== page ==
The Yankees are likely to get fewer borderline pitches with Gary Sanchez behind the plate in 2017

Fan Confidence Poll: December 19th, 2016
AP: Yankees owe $27.4M in luxury tax for 2016 season
(Joseph Garnett Jr./Getty)
(Joseph Garnett Jr./Getty)

Gary Sanchez is no longer the catcher of the future. He’s the catcher of the present. The Yankees made it official earlier this offseason, when they traded Brian McCann to the Astros for two Single-A pitching prospects and salary relief. They’re handing the catching reins over to Sanchez and he’ll be the centerpiece of the youth movement.

As we saw this past season, the 24-year-old Sanchez can be a true middle of the order impact hitter. Is he going to continue producing like Babe Ruth going forward? Probably not. It’s unrealistic to expect that kind of production all the time. Especially from a catcher. But his bat has always been his calling card and the Yankees are counting on Sanchez to hit and hit big going forward.

Defensively, there have long been questions about Sanchez behind the plate. His arm is, obviously, a cannon. One of the best I’ve ever seen. There are other aspects of catching though, such as blocking balls in the dirt and general receiving, and that stuff generated questions about Sanchez’s defense. He’s improved, but as we saw in 2016, he’s still rough around the edges. That’s okay. He’s still learning.

The Yankees were among the first teams in emphasize pitch-framing — Ben Lindbergh, a former Yankees intern, wrote about the fellow intern who stumbled on the value of framing back in 2009 — which is still a relatively new phenomenon in the sabermetric world. I mean, we all know it’s a valuable skill. We just didn’t know how valuable, and really, we still don’t fully understand it. The numbers are still being refined.

McCann came to the Yankees with a reputation for being a top notch pitch-framer, a reputation he maintained throughout his time in New York. Sanchez? Well, we don’t know too much about his pitch-framing skills yet because he just got to the big leagues. Minor league pitch-framing data exists, but it’s even more dubious than Major League numbers. Here are McCann’s and Sanchez’s 2016 pitch-framing numbers (MLB only for Sanchez):

McCann per StatCorner: +0.51 calls per game
McCann per Baseball Prospectus: +1.84 runs per 1,000 chances

Sanchez per StatCorner: -0.15 calls per game
Sanchez per Baseball Prospectus: +0.73 runs per 1,000 chances

On a rate basis, McCann is a better pitch-framer than Sanchez and not by a small margin either. Both StatCorner and Baseball Prospectus rate McCann as one of the top framers in the game. Sanchez is closer to middle of the pack. Not terrible, not great. Just … average-ish.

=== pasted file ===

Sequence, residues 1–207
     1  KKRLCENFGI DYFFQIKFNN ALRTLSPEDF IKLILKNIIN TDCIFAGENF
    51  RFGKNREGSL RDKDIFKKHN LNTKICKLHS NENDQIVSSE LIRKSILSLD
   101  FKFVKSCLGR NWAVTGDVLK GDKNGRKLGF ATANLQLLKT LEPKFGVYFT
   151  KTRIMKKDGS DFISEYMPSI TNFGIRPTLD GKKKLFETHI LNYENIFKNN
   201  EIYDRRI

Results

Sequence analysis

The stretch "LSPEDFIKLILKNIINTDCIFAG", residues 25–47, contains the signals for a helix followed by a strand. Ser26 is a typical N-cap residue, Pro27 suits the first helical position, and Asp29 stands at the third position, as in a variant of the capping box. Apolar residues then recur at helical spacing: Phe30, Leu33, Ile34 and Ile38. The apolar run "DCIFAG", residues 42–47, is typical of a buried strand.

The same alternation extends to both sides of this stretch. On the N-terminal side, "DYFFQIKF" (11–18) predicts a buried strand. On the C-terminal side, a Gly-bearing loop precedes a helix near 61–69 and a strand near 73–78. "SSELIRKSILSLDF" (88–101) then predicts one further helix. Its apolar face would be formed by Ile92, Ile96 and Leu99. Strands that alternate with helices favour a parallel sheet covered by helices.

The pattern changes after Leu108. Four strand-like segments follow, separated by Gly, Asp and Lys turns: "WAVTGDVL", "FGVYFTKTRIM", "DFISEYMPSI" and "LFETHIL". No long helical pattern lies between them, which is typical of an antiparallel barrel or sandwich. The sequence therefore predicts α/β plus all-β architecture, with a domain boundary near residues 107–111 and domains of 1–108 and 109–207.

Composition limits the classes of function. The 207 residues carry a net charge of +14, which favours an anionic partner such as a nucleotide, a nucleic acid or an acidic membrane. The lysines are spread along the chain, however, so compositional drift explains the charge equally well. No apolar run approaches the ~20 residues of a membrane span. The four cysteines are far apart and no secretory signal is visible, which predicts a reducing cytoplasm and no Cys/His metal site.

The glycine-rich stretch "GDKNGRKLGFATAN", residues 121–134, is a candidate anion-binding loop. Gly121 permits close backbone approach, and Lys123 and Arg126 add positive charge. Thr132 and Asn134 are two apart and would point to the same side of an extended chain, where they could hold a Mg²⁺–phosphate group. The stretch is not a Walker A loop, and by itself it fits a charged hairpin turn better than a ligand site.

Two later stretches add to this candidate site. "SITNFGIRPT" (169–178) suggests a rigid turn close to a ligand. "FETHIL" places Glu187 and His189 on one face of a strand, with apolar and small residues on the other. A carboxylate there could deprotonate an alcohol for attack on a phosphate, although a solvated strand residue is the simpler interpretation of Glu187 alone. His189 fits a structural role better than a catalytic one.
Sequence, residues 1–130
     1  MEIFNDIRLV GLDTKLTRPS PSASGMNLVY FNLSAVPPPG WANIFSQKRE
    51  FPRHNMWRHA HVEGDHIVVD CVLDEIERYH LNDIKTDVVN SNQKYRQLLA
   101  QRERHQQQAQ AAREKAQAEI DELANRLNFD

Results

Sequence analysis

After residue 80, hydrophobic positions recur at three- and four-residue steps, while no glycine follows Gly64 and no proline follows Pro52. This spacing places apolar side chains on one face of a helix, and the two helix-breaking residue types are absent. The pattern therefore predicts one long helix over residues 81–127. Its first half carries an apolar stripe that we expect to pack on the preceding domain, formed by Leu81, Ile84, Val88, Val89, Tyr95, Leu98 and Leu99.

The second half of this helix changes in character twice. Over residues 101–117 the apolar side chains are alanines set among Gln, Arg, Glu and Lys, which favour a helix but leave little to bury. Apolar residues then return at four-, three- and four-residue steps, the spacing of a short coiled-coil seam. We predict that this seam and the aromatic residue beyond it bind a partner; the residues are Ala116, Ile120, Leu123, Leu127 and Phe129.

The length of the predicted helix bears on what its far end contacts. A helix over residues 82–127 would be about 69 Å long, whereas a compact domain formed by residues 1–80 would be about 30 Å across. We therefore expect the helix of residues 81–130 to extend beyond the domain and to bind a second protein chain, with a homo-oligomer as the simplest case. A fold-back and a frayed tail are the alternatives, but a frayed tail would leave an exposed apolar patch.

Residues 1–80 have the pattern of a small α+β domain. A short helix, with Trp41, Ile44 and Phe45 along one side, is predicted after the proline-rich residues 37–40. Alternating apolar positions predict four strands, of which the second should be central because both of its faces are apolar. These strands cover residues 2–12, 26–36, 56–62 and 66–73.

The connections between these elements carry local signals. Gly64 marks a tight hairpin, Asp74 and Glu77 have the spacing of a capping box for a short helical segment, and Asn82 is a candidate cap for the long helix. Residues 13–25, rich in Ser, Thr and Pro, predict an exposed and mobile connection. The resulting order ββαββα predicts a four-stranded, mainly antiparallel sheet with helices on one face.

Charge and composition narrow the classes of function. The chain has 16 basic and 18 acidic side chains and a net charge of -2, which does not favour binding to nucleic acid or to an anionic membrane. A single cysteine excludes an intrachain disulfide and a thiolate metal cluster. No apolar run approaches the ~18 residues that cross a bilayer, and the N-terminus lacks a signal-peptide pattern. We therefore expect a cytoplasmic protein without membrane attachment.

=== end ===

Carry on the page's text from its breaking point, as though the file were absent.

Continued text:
Let’s try to visualize the difference between McCann’s pitch-framing and Sanchez’s pitch-framing. With an assist from Baseball Savant, here are all the called strikes with McCann behind the plate this season and all the called strikes with Sanchez behind the plate. Again, this is MLB only for Sanchez. I created a GIF and overlaid the strike zone plots to make the comparison easier:

mccann-sanchez-framing

Do you see the difference? McCann’s strike zone is a little wider on the edges of the plate, though I suspect that might have as much to do with sample size as it does his framing ability. The bottom of the strike zone is what really caught my attention. Based on the data, Sanchez didn’t get nearly as many called strikes at (or below) the knees as McCann.

Framing a borderline pitch requires good technique as much as it does hand and wrist strength. The catcher has to receive the pitch, hold it firm, and subtly pull it into the strike zone as necessary. Too much movement is a bad thing. Here are McCann and Sanchez framing two fastballs in the same spot. McCann, on the left, got the strike. Sanchez didn’t.

mccann-sanchez-framing

Again, those fastballs are in the same spot — the coordinates are damn near identical, per PitchFX — yet McCann got the call and Sanchez did not. Sure, we could blame the umpire for missing the borderline call, but look how the two catchers frame that pitch. McCann receives it nice and quietly. Sanchez stabbed down with a big recoil to get back into the strike zone. He didn’t present it well for the umpire. McCann did.

The numbers and the eye test both indicate McCann is a better pitch-framer than Sanchez. Exactly how much better? That’s up for debate. I don’t think framing metrics are accurate enough to give us exact runs saved values myself, but to each his own. Either way, McCann is a better framer than Sanchez, and that’s going to affect the pitching staff going forward. The Yankees figure to get fewer borderline calls next year, particularly on pitches down in the zone.

Framing seems to be one of those things that can be taught, though maybe only to a point. At the end of the day, it’s an athletic move that requires a certain level of strength and athleticism and reflexes. Some have it, some don’t. If it could be easily taught, everyone would do it. The Yankees clearly value pitch-framing and I’m certain they’ll have Sanchez work on it going forward. Tony Pena and Joe Girardi are two pretty good catching mentors, I’d say.

Pitch-framing is a very real skill that does impact the pitching staff. The Yankees are poised to go young at the back of the rotation, and turning a few extra borderline pitches into strikes could be a big help. McCann’s advantage in framing might not be enough to make up for Sanchez’s advantage in, well, everything else, but when it comes to getting those borderline calls, it appears the Yankees will be worse off next season.

Fan Confidence Poll: December 19th, 2016
AP: Yankees owe $27.4M in luxury tax for 2016 season